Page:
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Regardless of physical activity

Eating eggs is not linked to high cholesterol in adolescents

Although in the late 20th century it was maintained that eating more than two eggs a week could increase cholesterol, in recent years experts have begun to refute this myth. Now, a new study has found that eating more eggs is not associated with higher serum cholesterol in adolescents, regardless of how much physical activity they do.

A medium-size egg contains 200 milligrams of cholesterol and only has 70 calories. / Martin Cathrae

A new study led by researchers at the University of Granada has analysed the link between egg intake in adolescents and the main risk factors for developing cardiovascular diseases, such as lipid profile, excess body fat, insulin resistance and high blood pressure.

As Alberto Soriano Maldonado, primary author of the study, explains to SINC: “Health professionals traditionally insisted that eating eggs increased cholesterol levels, so in recent decades there has been a tendency to restrict intake championed by various public health organisations.”

However, the most recent research suggests that increased serum cholesterol is more affected by intake of saturated fats and trans fats – present in red meat, industrial baked goods, etc. – than by the amount of cholesterol in the diet.

The results of this article, part of the European study HELENA involving nine countries, demonstrated that eating larger amounts of egg is neither linked to higher serum cholesterol nor to worse cardiovascular health in adolescents, regardless of their levels of physical activity.

“The conclusions, published in the journal Nutrición Hospitalaria, confirm recent studies in healthy adults that suggest that an intake of up to seven eggs a week is not associated with an increased risk of developing cardiovascular diseases,” notes Soriano.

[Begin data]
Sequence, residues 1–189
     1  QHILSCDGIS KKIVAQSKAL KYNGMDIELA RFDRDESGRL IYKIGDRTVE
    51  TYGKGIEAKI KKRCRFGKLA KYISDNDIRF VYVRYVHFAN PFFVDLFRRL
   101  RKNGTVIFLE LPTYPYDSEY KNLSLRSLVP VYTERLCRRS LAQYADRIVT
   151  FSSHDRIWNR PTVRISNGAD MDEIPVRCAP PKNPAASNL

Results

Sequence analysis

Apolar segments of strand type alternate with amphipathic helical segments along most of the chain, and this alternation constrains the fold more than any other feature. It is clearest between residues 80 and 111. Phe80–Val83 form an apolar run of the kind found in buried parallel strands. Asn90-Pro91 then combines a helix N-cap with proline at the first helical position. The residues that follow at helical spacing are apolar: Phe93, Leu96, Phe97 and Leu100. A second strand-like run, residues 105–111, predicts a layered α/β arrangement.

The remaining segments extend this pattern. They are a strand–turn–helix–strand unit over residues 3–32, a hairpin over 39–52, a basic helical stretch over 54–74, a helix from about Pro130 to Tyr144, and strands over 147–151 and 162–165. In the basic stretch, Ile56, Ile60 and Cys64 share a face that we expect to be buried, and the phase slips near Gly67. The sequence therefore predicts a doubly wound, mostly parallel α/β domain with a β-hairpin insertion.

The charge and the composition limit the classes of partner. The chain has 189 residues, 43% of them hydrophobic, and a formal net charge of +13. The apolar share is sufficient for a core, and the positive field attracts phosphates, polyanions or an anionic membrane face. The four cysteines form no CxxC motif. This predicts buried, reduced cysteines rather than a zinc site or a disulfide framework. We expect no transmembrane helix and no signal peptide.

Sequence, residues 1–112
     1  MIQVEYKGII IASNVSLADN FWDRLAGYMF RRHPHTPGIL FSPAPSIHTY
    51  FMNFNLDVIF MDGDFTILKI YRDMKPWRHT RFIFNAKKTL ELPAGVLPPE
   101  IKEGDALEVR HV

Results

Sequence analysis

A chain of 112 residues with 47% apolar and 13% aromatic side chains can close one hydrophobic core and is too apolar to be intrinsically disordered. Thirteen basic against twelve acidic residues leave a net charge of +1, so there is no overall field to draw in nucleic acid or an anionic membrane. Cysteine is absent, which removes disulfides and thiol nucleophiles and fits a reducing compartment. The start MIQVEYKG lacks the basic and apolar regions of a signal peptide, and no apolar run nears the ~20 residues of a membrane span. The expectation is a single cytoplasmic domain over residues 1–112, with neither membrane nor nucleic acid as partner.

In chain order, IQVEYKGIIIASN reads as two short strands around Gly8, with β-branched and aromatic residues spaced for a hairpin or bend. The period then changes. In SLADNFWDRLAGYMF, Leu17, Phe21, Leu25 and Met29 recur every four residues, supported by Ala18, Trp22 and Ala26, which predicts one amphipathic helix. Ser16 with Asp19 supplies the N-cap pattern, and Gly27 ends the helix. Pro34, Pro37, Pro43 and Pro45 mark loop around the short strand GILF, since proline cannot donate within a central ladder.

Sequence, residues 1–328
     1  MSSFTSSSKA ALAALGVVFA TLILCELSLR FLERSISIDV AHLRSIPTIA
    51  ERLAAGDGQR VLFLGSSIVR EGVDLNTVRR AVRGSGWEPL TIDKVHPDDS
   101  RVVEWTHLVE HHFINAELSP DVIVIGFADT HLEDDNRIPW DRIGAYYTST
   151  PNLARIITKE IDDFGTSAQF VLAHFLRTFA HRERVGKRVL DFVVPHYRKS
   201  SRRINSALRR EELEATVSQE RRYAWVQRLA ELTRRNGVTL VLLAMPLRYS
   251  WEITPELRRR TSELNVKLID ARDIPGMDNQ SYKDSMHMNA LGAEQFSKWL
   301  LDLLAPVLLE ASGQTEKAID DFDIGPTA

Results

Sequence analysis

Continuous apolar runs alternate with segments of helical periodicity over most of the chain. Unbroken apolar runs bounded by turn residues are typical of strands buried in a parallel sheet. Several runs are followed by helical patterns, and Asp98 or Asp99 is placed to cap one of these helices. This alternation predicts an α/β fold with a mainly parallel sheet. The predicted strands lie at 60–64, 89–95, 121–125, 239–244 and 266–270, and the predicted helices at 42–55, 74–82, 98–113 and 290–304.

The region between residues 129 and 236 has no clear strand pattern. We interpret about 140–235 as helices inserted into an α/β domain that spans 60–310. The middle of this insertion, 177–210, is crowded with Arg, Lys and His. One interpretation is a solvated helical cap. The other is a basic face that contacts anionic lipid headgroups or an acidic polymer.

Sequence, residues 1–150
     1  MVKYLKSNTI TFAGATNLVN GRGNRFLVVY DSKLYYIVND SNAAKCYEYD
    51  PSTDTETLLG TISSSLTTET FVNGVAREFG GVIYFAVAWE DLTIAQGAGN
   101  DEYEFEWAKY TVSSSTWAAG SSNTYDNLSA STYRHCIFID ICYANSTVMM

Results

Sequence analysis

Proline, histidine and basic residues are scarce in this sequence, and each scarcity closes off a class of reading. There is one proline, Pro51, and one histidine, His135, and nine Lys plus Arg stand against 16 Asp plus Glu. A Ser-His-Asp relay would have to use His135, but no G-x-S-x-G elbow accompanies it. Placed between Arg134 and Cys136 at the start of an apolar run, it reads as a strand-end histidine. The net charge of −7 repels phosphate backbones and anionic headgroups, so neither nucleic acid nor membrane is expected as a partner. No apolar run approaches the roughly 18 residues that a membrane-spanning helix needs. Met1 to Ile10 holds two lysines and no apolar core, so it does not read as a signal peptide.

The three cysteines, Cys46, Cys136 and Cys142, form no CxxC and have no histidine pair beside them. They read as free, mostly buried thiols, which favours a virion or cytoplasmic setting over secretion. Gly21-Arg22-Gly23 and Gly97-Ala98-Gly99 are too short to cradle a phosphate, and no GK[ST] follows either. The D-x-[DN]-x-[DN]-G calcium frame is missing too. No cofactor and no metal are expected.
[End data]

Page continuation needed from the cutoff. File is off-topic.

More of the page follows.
"An intake of up to seven eggs a week is not associated with an increased risk of developing cardiovascular diseases"

As a result, the authors suggest reviewing dietary recommendations for adolescents, although they add that it would be useful to conduct similar research on a sample group with higher egg intake.

“Egg is a cheap food that is rich in very high-quality proteins, minerals, folates and B vitamins. Thus it can provide a large quantity of nutrients necessary for optimum development in adolescents,” according to the researcher.

Banishing the egg myth

In 1973, the American Heart Association recommended limiting egg intake to a maximum of three per week, an idea that was accepted by health experts for years.

However, although the majority of foods rich in cholesterol are usually also rich in saturated fats, a medium-size egg contains 200 milligrams of cholesterol but has more unsaturated fats than saturated fats and only has 70 calories.

References:

A. Soriano-Maldonado, M. Cuenca-García, L. A. Moreno, M. González-Gross, C. Leclercq, O. Androutsos, E. J. Guerra-Hernández, M. J. Castillo y J. R. Ruiz. “Ingesta de huevo y factores de riesgo cardiovascular en adolescentes; papel de la actividad física. Estudio HELENA”. Nutrición Hospitalaria 2013; 28:868-877 DOI:10.3305/nh.2013.28.3.6392

Source: SINC
Copyright: Creative Commons

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